South Korea’s Prime Minister Lee Nak-yon announced Wednesday that Seoul had agreed to allow a “massive delegation totaling between 400-500 people” from North Korea to attend this year’s Winter Olympics in PyeongChang.
The agreement is a result of direct talks between the two nations occurring this week, following an invitation for Pyongyang to send representatives to discuss a potential North Korean presence at the global athletic event. Leftist South Korean President Moon Jae-in has urged the two countries to reconnect diplomatically, using sports if necessary.
“It will be difficult to say that the festival of mankind taking place in PyeongChang, just 100 kilometers from the Demilitarized Zone, will make no contribution to the human history,” Lee told reporters on Wednesday, according to the South Korean news service Yonhap. “It is bound to make contributions of a sort and leave traces.”
He confirmed the presence of the North Korean delegation while noting that the details of their visit remain to be debated. Yonhap notes that the delegation would include not only athletes, but “athletes, cheering and performing arts squads, taekwondo demonstration teams and journalists” – and, of course, communist North Korean officials. Officials have not elaborated on which officials will attend, or which “journalists.” North Korea’s government rigidly controls all media outlets available in the country, most of which are used to publish vitriol against the United States.
Talks with South Korea have not changed that attitude. In an article published Wednesday, state newspaper Rodong Sinmun warned the United States to “seek out a way for coexistence with the DPRK, a nuclear weapons state both in name and reality” and stop “precipitating its ruin.”
In particular, Rodong Sinmun expressed offense at U.S. Ambassador to the United Nations Nikki Haley’s work to impose greater multilateral sanctions on the rogue state, calling her arguments in favor of opposing the regime “piffle.”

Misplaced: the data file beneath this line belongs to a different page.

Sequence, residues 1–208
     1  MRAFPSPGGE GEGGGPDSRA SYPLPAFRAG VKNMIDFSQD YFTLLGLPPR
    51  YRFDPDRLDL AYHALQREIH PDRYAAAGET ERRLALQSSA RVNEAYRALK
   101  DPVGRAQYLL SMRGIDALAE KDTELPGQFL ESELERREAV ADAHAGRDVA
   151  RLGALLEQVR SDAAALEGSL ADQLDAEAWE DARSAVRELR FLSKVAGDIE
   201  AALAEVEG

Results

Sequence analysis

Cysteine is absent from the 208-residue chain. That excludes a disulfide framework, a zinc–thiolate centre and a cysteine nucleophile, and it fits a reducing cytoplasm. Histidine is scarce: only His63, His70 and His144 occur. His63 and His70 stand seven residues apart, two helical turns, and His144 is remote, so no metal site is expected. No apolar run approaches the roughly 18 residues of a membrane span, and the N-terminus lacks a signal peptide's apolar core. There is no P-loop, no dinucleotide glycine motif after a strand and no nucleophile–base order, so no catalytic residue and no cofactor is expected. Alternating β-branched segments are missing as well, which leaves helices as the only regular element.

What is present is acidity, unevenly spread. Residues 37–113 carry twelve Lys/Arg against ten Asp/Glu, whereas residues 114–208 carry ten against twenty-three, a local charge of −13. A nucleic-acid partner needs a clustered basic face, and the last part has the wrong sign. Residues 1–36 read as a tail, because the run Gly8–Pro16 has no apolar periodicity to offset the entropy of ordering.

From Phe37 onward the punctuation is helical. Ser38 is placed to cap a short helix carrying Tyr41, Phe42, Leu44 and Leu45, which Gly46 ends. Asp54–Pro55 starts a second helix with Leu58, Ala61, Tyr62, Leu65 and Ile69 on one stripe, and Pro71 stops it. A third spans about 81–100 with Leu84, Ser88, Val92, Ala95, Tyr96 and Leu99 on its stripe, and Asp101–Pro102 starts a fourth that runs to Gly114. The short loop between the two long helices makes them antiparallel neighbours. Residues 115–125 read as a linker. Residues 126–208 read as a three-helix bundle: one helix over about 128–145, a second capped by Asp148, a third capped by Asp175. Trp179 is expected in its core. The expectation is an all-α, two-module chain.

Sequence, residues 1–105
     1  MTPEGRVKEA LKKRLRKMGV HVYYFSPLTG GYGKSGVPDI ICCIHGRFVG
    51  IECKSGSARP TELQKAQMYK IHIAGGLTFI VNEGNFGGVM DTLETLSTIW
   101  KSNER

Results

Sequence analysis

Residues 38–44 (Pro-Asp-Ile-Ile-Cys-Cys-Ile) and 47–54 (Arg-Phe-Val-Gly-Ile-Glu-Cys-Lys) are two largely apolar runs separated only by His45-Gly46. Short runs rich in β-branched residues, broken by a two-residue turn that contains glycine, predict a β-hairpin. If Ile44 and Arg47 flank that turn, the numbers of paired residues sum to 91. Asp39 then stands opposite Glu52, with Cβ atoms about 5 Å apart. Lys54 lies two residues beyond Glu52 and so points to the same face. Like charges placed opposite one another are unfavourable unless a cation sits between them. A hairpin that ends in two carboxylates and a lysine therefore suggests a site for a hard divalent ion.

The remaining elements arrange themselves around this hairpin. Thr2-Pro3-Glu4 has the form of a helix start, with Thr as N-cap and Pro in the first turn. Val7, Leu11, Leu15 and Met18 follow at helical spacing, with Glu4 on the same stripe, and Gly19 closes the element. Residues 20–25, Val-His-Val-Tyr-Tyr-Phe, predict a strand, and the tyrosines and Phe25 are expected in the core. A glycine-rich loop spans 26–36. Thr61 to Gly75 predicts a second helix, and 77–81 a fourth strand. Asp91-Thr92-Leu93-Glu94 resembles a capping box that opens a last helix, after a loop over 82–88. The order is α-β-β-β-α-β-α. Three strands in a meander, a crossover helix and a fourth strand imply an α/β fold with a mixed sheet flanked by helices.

The Korean Central News Agency (KCNA) covered the talks with South Korea, in contrast, with rare measured language. “At the talks the north and south authorities discussed in earnest the principled issues arising in successfully holding the 23rd Winter Olympics in south Korea and improving the inter-Korean relations,” KCNA noted, listing the individuals participating in the talks on behalf of dictator Kim Jong-un. The text did not capitalize the name “South Korea,” however–a way of rejecting the sovereignty of that nation.
North Korean officials also used the talks with Seoul officials as an avenue to threaten the United States yet again. “North Korea’s weapons are only aimed at the United States, not our brethren, China or Russia,” diplomat Ri Son-gwon told his counterparts on Tuesday as a means of reassuring South Korean officials.
The two Koreas will reportedly follow up the diplomatic talks with a military meeting between the two sides. According to Seoul, the meeting will “focus on measures necessary for the North’s participation in the PyeongChang Winter Olympics.” These will be the first talks on a military level in three years; they have yet to be scheduled, though both sides are aiming for a date next month.
The Trump administration has reacted to the recent talks with cautious optimism.
“The fact that (the inter-Korean talks) happened, I think, is notable, and that such a step has not been chosen before by North Korea,” Gen. Vincent K. Brooks, the head of the U.S. armed forces in South Korea, said on Wednesday.
“We’ve seen occasions where North Korea instead of coming to a meeting with a productive sense, they come in with a disruptive sense where it’s more theatrical than it is productive,” he added. “In this case, there appears to have been an earnest meeting.”
In a press gaggle Tuesday, the State Department called the talks a “positive development” and expressed hope that North Korea would continue to open up communications to the world.